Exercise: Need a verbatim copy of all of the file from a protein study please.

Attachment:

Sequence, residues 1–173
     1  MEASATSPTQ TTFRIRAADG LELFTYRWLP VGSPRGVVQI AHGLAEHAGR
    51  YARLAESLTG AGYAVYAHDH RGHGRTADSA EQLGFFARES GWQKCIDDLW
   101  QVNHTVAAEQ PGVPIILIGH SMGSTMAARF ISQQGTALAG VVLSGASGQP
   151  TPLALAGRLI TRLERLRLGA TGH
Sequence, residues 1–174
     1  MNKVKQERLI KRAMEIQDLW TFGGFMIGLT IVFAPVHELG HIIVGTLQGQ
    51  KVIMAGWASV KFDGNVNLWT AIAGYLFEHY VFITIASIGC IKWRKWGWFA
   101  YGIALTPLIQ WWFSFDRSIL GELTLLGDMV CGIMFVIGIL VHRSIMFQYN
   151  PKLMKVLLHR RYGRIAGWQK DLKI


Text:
Sequence, residues 1–173
     1  MEASATSPTQ TTFRIRAADG LELFTYRWLP VGSPRGVVQI AHGLAEHAGR
    51  YARLAESLTG AGYAVYAHDH RGHGRTADSA EQLGFFARES GWQKCIDDLW
   101  QVNHTVAAEQ PGVPIILIGH SMGSTMAARF ISQQGTALAG VVLSGASGQP
   151  TPLALAGRLI TRLERLRLGA TGH
Sequence, residues 1–174
     1  MNKVKQERLI KRAMEIQDLW TFGGFMIGLT IVFAPVHELG HIIVGTLQGQ
    51  KVIMAGWASV KFDGNVNLWT AIAGYLFEHY VFITIASIGC IKWRKWGWFA
   101  YGIALTPLIQ WWFSFDRSIL GELTLLGDMV CGIMFVIGIL VHRSIMFQYN
   151  PKLMKVLLHR RYGRIAGWQK DLKI